HOUSED WTHIN THE NEW YORK TIMES BUILDING MONTENAPO OFFERS CREATIVE, ORIGINAL CUISINE FROM ALL REGIONS OF ITALY
Montenapo Restaurant offers authentic modern and traditional Italian cuisine from all regions of Italy. Chefs Lucarelli and Gallina are passionate about creating exquisitely flavorful meals that are healthy and natural. They do this by choosing only the highest quality products including organic vegetables, organic rice, and whole grains, as well as grass fed beef, free range poultry and wild caught fish. All pastas, breads and breadsticks homemade from scratch on premises. The artistically designed gourmet desserts including pastries, sorbets and ice creams will all be freshly prepared at Montenapo using only the most natural ingredients.
Housed within the Renzo Piano-designed New York Times Building, the restaurant occupies 5,200 square feet of glass-enclosed dining space facing the unique and beautiful inner birch-and-moss garden in the center atrium of the building. Named after the famous designer-shopping street Via Montenapoleone in Milan, the contemporary yet comfortable design exemplifies the easy chic of Italian style and harmonizes with the luminous aesthetic of the much heralded newspaper building, as will its modern take on classic Italian fare. Serving lunch and dinner, Chefs Lucarelli and Gallina showcase their bold interpretation and imaginative approach to incorporating incredible flavors, delicacies and varieties of foods into their menu.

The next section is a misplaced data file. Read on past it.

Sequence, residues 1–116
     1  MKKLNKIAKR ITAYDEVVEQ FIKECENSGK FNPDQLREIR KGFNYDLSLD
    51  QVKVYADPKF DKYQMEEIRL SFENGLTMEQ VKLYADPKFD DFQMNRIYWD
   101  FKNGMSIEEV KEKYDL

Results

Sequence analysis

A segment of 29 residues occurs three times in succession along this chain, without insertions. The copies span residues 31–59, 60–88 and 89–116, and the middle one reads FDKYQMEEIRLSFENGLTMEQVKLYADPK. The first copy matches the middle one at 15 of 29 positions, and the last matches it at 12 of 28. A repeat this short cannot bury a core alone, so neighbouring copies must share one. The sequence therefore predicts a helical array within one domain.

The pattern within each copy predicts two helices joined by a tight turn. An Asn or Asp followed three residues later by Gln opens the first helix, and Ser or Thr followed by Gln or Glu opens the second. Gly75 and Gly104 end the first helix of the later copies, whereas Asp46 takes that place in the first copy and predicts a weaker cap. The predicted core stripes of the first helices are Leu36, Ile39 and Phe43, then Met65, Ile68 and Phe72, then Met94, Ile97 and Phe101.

May 20, 2009
Hours of Operation:
11:30am to midnight, seven days a week
The New York Times Building
250 West 41st Street (between 7th and 8th avenues)
New York, NY 10018
Reservations: (212) 764- 7663 / Take-out: (212) 764-7227
Owners and Management:
Jozef Juck, Managing Partner/General Manager
HKHotels & Hospitality
Executive Chef & Consulting Chef:
German Lucarelli and Giacomo Gallina
Seats 200 in dining room and bar
RESTAURANT BRINGS AN ELEGANT UPSCALE DINING EXPERIENCE TO THE HEART OF THE BROADWAY THEATRE DISTRICT
By Nancy Walman
Montenapo is a 200 seat restaurant and bar, facing the unique and beautiful inner birch-and-moss garden in the center of The New York Times Building. Occupying 5,200 square feet of glass-enclosed diningspace, the contemporary design harmonizes with the luminous aesthetic of the much heralded newspaper building as does its modern take on classic Italian fare.
Upon entering Montenapo, all eyes will gravitate to the fabulous birch-and-moss garden with its 50-foot-tall paper birch trees – a focal point as guests enter the restaurant on W. 41st Street between 7th and 8th Avenues. A staircase leads down from the street to the dramatic dining space with its 23-foot-high ceilings and floor to ceiling windows on three sides.
Executive Chef German Lucarelli, who had a long career with Bice Restaurant in Paris, London, and most recently New York, before taking over the kitchen at Montenapo, has created an eclectic menu for the fine-dining restaurant.